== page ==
Now we can move to the rear half of the passenger side.

The two interior entry steps into the rig to reach the main floor are the only things taking up any square footage in the basement storage area. 

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This door number 3 is located at the left of the entry door.  In here, we have the big solar controller for the solar panels on the roof. There is also a big pull out fuse to disconnect the whole system for repairs.  I like that we have an outdoor tv antenna jack here. Sometimes we carry out the inside tv to watch packer games under the awning.  There are both DC and AC electrical outlets and a little light to see what we are looking for in the dark too. We also stow the 6 large planks for under the tires for leveling the rig.  (not in the pic) 


This next compartment is for the batteries. I talked about them more in depth a few blogs back. They are located behind the rear wheels. It is open around the sides and bottom for ventilation.   There are 6 batteries in there now, but we can later move the 2 chassis (driving) batteries into a new rack in the engine compartment that Steveio made.  Then we could increase the bank of coach (camping) batteries to a total of six 6volt golf cart batteries if we wish.  Although with our five 100 watt solar panels that we installed, we may never need six batteries… four might be enough. 


compartments 2


Now this last door is the cool stuff that you do not see on gas engine motorhomes.  This is Steve's Control Central! He finds out all kinds of  diagnostic stuff in this compartment. He can even start the engine from in here if the key is in the ignition. Pretty cool! 

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For those Techy Kinda Guys, here is the new head piece he re-vamped to fit the newer Fleetgard FS 1212 fuel filters that are available for our engine, now that the Racor Win 200/200 ones were discontinued.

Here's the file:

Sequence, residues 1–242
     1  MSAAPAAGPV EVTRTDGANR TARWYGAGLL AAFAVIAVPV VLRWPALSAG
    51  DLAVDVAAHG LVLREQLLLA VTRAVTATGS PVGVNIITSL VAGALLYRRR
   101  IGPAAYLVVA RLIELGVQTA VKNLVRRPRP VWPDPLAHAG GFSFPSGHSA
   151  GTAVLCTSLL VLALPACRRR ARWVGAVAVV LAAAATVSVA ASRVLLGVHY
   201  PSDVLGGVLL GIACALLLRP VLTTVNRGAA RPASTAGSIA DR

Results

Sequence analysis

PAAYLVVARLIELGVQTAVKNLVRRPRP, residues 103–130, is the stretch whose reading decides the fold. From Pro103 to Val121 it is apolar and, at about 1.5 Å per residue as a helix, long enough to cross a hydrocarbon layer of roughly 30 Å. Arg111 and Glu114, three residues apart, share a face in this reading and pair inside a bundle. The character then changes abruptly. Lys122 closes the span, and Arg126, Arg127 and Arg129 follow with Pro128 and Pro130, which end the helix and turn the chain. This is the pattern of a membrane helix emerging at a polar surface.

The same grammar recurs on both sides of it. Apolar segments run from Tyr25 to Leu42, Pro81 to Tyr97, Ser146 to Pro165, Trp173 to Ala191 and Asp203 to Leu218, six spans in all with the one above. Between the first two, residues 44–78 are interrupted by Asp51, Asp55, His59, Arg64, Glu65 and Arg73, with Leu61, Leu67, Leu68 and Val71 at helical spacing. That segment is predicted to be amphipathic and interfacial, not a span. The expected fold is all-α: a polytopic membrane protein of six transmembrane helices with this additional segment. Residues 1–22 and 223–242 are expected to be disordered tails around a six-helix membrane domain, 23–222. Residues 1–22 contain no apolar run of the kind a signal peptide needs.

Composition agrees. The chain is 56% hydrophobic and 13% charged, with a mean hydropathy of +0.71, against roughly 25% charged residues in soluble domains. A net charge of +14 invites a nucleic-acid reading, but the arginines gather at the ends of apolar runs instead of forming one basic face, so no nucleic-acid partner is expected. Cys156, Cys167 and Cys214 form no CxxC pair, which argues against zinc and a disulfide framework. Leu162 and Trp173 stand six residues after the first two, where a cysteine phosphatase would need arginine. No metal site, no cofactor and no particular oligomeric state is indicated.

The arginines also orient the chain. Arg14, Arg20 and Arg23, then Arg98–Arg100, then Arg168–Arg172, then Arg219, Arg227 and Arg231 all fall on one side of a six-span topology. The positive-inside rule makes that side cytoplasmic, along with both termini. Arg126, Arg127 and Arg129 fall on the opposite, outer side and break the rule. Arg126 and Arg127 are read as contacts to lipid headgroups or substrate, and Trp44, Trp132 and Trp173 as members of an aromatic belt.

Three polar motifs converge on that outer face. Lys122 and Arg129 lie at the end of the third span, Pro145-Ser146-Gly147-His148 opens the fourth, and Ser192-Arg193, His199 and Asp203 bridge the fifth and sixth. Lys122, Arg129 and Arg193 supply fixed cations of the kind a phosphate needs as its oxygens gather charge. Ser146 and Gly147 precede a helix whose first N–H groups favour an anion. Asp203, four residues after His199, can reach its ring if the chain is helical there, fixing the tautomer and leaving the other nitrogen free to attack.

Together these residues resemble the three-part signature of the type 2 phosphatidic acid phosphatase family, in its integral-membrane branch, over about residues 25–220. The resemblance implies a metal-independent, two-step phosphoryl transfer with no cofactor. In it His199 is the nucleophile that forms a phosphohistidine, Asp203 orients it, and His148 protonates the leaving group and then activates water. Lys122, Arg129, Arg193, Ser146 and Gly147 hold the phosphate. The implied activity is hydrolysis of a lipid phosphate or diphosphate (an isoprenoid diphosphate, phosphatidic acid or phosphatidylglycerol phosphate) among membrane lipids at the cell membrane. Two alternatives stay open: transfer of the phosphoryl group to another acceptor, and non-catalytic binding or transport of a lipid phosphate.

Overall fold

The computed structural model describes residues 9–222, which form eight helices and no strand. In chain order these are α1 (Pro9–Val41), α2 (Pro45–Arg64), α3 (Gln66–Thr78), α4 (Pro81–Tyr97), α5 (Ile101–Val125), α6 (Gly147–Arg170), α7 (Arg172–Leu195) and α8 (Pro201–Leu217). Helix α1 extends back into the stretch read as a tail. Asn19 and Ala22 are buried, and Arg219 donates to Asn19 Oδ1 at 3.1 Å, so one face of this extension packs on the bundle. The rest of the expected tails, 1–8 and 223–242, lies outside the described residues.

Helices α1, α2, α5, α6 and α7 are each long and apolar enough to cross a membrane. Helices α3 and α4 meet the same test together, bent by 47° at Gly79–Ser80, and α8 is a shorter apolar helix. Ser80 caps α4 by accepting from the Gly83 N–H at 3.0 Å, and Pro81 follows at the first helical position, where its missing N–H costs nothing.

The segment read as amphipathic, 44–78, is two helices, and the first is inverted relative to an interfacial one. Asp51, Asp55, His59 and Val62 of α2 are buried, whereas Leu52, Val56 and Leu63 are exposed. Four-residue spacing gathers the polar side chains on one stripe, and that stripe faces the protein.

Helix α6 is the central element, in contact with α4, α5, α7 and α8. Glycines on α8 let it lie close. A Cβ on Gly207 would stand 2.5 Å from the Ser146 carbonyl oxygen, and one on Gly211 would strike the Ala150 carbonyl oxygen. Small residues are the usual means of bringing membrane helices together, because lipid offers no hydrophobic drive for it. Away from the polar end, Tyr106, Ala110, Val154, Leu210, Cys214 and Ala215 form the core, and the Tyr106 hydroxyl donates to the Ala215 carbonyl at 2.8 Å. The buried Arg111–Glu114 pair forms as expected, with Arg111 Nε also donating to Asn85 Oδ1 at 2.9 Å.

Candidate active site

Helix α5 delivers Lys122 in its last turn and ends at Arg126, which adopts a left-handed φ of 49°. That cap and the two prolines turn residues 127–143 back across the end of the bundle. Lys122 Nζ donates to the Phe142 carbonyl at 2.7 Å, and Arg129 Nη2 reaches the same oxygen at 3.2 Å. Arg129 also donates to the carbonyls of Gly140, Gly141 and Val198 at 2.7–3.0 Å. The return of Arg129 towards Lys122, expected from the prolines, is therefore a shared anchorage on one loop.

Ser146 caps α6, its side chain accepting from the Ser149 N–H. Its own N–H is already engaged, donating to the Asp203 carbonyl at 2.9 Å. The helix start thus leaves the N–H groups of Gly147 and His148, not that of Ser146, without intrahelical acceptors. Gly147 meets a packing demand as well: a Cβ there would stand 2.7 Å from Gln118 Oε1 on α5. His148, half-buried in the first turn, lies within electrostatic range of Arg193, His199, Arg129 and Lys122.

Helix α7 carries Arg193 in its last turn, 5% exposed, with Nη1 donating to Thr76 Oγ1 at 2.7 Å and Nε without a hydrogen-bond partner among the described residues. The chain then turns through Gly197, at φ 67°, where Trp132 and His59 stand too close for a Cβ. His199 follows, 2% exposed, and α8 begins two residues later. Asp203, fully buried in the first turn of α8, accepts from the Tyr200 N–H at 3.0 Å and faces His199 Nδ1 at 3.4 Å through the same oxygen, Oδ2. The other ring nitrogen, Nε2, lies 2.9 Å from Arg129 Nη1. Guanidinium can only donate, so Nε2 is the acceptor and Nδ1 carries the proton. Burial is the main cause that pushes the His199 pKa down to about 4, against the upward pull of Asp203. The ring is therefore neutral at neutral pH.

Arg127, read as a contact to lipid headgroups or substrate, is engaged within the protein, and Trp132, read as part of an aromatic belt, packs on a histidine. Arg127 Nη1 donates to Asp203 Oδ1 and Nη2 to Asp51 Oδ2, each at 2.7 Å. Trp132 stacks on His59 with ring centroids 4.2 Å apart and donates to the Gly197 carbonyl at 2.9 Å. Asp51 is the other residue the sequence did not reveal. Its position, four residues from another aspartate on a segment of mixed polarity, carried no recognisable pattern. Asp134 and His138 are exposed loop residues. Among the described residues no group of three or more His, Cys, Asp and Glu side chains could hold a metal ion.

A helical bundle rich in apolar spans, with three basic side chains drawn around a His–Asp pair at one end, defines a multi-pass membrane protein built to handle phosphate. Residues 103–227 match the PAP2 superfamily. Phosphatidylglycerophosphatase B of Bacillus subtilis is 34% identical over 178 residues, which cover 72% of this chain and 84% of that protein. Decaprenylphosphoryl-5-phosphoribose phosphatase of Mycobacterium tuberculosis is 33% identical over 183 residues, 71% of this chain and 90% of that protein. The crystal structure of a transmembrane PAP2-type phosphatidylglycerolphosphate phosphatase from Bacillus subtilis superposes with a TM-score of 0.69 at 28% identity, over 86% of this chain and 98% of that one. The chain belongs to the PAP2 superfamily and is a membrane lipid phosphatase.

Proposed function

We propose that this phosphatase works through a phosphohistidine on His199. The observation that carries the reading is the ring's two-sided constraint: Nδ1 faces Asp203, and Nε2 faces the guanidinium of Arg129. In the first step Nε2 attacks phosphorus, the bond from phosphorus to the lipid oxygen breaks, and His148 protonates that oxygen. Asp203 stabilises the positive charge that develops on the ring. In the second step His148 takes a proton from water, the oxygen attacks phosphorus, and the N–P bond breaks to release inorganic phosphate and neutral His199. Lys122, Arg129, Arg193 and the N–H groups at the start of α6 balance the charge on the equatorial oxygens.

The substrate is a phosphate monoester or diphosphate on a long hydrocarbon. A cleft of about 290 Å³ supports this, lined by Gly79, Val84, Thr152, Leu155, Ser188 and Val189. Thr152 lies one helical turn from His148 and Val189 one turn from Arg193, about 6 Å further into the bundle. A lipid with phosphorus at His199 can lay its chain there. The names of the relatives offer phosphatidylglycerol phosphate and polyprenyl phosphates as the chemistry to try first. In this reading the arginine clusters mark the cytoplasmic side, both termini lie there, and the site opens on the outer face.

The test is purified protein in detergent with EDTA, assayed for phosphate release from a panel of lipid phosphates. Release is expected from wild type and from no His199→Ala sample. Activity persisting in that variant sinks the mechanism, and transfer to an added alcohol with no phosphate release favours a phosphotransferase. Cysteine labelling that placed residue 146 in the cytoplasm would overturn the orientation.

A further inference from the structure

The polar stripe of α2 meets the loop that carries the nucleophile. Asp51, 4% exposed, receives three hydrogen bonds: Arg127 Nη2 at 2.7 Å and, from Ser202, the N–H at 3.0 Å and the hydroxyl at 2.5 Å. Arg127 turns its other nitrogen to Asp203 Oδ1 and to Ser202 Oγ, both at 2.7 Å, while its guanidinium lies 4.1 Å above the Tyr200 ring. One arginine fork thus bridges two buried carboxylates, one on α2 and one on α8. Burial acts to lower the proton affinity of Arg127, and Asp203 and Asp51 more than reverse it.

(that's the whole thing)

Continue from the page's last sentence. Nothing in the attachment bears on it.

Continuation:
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So.. that completes the tour of our storage compartments and how we organize them.  In the future we see ourselves adding a few more totes of clothes (in vacuum sealed space bags)  some supplies of my craft stuff, and perhaps my table loom when not in use. The loom folds up somewhat and fits in drivers side number 3 quite well.  

Otherwise we are pretty well set for full timing, and more than adequate space inside the rig for the personal items we take along regularly and keep our kitchen fully stocked as well as the clothing and bathroom gear.   So our weight load will not change much, right now fully loaded we are about 3,000 pounds under our CCC limit, so that is a good thing.  We still have 4,000 towing capacity on top of that too.  We currently tow a Geo Tracker that only weighs 2,200 pounds


Well, enough of all that , time to get a few things done around the house.  Later today I am picking up the Chelsea Beetle Bug Girl from daycare and taking her back to our house.   Her granfaddah needs an apple pie baked, so she better come over and peel/core/slice up some apples!    Putting her to WORK!   Later she can have a spa evening in the big whirlpool tub with bubbles, and get in her jammies before her Mommy and Daddy come to pick her up.  All ready for beddy-bye. 


5 comments:

  1. You are just way too organized. I am sooooo jealous!! You could make money doing this for others...

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  2. Yours is one BIG motorhome. I can't imagine driving it, much less backing it up. It looks great!

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  3. How organized you are. We usually play the game "Now where did I put the.....(insert object here)?

    Mike and Dee White
    gonerving.blogspot.com

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  4. Howdy Karen & Steveio,
    BOY HOWDY, are y'all organized!!! I LOVE THAT COACH!!! That propane genset is
    a wonder!! Where did you get it?? There is a smaller 150#PSI Sears compressor
    that Nick Russell & Greg White both have.. You only need a table-saw for 'large' projects; a circular saw does everything a table-saw will do and you can clamp it to a board for larger/longer cuts... Where's the welder go?? I like the 'tall' propane lamp!! I can't wait until y'all 'hit the road' fulltime and we can 'learn so much more!!! Send some snow down here to Texas, please, we need the moisture!!

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  5. Okay guys, it is now 1/30 and no posts for quite a while... are you okay?

    Larry